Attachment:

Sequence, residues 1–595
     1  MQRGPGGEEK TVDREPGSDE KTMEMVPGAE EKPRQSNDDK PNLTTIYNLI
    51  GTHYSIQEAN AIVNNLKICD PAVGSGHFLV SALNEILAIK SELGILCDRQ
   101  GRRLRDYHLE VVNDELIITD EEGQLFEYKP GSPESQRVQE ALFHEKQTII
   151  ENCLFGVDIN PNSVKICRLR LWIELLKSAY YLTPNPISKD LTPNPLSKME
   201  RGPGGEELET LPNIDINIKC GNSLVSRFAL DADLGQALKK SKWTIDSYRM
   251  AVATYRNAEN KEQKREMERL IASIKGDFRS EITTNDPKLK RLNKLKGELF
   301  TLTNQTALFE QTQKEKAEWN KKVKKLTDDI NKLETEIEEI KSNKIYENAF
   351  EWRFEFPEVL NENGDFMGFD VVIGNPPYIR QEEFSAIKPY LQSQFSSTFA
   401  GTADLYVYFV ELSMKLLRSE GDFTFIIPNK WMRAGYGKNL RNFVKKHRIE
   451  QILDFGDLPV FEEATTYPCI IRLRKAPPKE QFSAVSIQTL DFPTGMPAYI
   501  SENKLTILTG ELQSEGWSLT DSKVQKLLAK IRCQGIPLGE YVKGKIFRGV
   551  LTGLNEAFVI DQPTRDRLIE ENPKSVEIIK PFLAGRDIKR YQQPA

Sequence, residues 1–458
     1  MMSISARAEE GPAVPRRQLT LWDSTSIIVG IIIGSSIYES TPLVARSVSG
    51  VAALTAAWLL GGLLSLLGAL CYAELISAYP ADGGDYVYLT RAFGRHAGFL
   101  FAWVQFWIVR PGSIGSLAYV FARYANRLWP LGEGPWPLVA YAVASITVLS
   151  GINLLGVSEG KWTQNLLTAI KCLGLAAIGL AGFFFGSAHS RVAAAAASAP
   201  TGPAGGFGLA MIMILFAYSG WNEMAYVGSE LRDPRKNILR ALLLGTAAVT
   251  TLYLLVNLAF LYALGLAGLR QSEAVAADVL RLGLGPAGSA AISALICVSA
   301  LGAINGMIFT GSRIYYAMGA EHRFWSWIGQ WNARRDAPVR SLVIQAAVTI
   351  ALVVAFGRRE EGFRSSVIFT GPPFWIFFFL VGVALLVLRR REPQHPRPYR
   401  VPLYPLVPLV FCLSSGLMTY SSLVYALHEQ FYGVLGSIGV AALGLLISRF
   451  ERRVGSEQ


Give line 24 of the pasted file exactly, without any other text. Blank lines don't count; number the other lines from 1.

   451  ERRVGSEQ